Drag n Drop with Dojo

This article could more be more aptly named “@#$@#$@)* with Dojo.” This is a classic example, IMHO, of where Dojo documentation falls flat on its face. The doc page for drag and drop (aka dojo.dnd) is more of a method and property summary of all the objects that work together to make drag and drop work in Dojo. It doesn’t do a very good job of explaining just how all those objects work together, at least not in an easy to digest manner. There’s also a lot of information there that, frankly, just doesn’t matter to the developer just trying to get some simple drag and drop widgets on his or her web page.

Also missing are practical examples that exist elsewhere in the documentation. In fact, that is one thing that Dojo’s documentation does do well: lots of examples. For someone like me—who has an easier time learning by looking at code examples than wading through textual explanations—that’s a god send. There is one fairly detailed example of a shopping cart I found at sitepen.com. However, it has one major shortcoming: it completely ignores the backend that would drive any real world shopping cart. So, here’s several hours of googling and swearing boiled down to “The quick and dirty guide to using drag and drop with Dojo.”

Getting items on your web page that drag and containers to drop them on is actually quite easy, almost to the point of being ridiculous. Since I think validated HTML is over hyped (a topic for another day), I prefer to use Dojo’s HTML attributes when creating widgets. So how hard is it to get something on the page that drags and drops?

<div dojoType="dojo.dnd.Source" id=source1>
   <div class="dojoDndItem" dndData="A">Item 1</div>
   <div class="dojoDndItem" dndData="B">Item 2</div>
</div>
<div dojoType="dojo.dnd.Source" id=source2>
   <div class="dojoDndItem" dndData="C">Item 3</div>
   <div class="dojoDndItem" dndData="D">Item 4</div>
   <div class="dojoDndItem" dndData="E">Item 5</div>
   <div class="dojoDndItem" dndData="F">Item 6</div>
</div>

That’s all there is to it. You can drag and drop items between your two sources to your heart’s delight. But what happens when you’re ready to record the changes that have been made? What if you’d rather use ids over text strings to record information back to the database? That was where the @#$@#$)&!! came in.

Let’s start with using dojo.connect to catch events. Trying to get a handle on a node with dojo.byId(“source1″) isn’t going to work, presumably because it’s only going to return a DOM node and not a Source object. Drag and drop sources are not dijits, so dijit.byId(“source1″) isn’t going to work either. If that’s the case, then how do you get a handle on your source? Well, O’Reilly to the rescue. In the chapter on drag and drop, Dojo: The Definative Guide has a line like this in one of the examples.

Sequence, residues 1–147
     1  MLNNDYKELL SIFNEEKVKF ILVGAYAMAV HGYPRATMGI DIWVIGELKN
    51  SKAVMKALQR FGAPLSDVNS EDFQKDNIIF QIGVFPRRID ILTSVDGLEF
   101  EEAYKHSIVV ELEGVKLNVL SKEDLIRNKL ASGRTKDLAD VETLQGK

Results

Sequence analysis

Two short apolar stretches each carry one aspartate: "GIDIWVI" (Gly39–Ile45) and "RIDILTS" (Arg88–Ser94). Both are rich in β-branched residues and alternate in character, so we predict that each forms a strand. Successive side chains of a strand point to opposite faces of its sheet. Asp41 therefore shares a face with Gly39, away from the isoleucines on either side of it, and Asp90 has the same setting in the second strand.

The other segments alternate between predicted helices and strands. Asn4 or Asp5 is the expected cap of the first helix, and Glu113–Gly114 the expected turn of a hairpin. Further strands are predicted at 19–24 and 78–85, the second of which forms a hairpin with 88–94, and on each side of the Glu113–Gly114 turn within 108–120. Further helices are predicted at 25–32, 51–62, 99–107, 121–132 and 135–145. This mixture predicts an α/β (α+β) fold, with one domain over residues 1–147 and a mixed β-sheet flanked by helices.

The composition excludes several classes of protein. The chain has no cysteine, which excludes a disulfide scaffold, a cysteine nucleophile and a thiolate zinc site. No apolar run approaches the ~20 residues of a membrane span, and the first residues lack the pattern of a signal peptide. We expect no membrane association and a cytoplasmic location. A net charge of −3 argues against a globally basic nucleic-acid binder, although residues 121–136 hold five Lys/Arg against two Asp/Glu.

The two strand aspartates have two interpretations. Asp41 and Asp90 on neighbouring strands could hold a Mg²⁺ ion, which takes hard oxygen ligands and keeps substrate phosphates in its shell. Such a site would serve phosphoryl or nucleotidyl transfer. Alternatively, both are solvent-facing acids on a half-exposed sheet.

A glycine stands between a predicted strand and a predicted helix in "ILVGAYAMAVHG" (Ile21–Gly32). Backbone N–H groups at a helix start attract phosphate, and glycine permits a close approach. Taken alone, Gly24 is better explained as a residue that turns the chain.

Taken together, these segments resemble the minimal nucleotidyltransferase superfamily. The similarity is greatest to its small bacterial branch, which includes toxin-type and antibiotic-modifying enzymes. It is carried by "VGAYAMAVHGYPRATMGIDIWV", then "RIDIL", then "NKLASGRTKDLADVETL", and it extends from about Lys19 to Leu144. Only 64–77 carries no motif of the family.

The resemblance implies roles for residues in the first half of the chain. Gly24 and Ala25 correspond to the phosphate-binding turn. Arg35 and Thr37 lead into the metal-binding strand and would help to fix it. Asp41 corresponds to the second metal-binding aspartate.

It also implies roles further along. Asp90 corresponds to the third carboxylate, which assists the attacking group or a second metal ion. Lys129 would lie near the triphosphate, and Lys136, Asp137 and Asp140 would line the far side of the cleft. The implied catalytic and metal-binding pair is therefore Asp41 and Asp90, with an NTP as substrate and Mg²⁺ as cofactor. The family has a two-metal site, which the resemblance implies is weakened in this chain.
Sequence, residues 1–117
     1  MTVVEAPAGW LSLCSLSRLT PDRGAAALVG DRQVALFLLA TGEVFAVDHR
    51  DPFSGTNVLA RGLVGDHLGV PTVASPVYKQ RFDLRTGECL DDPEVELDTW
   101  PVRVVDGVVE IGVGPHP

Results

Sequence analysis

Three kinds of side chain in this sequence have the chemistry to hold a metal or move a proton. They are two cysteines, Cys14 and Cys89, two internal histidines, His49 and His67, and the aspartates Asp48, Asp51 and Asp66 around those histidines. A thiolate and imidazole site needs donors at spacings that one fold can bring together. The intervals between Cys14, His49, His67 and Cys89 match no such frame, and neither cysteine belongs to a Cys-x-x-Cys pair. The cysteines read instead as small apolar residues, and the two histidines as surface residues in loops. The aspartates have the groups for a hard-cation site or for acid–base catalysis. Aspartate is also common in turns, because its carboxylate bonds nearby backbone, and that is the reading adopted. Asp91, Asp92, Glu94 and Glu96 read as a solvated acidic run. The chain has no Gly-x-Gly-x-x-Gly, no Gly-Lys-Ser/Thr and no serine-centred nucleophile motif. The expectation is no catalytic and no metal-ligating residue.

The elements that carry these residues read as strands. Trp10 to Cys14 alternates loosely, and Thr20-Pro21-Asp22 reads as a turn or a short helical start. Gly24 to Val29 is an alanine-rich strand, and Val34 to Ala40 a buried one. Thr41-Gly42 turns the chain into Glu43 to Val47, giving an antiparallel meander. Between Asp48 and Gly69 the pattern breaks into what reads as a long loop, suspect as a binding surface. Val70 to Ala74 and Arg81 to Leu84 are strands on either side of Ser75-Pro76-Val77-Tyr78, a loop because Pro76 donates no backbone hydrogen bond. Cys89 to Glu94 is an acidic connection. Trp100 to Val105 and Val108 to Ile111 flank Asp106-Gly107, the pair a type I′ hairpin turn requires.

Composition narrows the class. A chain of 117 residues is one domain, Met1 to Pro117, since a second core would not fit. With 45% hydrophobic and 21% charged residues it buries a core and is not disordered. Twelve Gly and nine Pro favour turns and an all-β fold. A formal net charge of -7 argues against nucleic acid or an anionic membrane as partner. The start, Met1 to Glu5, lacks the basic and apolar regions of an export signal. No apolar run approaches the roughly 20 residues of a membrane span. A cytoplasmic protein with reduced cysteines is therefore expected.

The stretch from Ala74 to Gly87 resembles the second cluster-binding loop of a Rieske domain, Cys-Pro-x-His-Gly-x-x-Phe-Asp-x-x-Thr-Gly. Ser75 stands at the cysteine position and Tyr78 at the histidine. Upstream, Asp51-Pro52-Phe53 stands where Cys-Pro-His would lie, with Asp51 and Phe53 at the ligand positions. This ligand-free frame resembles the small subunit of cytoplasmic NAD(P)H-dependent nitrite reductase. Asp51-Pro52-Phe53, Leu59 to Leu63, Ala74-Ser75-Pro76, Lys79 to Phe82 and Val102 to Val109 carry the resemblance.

source1 = new dojo.dnd.Source("source1");

Seems a bit redundant to me, but it works. Now you can use ‘source1′ as the object to connect to and it doesn’t seem to cause any problems that you’ve already defined source1 as a source with dojoType=”dojo.dnd.Source”.

Next is the onDrop event. Dojo’s documentation seems to indicate it’s the “preferred” event to catch, except that it doesn’t work. Nothing I could connect to seemed to be firing onDrop. O’Reilly and other sources use onDndDrop which does work, so I ended up with a connect statement that looks something like this:

dojo.connect( source1, 
   "onDndDrop", 
   function(source, nodes, copy, target){
      //your code to work your magic goes here
   }
 );

The parameters are fairly self explanatory. “source” is the source object where the draggable nodes originated. “nodes” is a collection of the items being dragged. “copy” is a boolean indicating whether or not the nodes should be copied to the target or moved from the source. “target” is the source object on which the nodes were dropped.

However, in practice I’ve ended up using the event onDropExternal much more often. Basically this means the item that was dropped on a particular target started out in a different source. Most of the time this probably what you want to catch and it saves you the trouble of adding logic to compare the source and target parameters and respond accordingly.

Whichever event you use, you can iterate over the nodes array passed in and take whatever action is necessary. However, the node array is a collection of DOM elements. There’s no Dojo goodness attached to them. In my earlier code example drag and drop items included a dndData=”n” attribute. This data will not be available in the node array. Each source keeps a hash with information about the nodes it contains. The hash is indexed on the id attribute of the node (which dojo will create if you don’t specify one.) That is where the value you put in dndData ends up. So in order to get at the data you need to do this: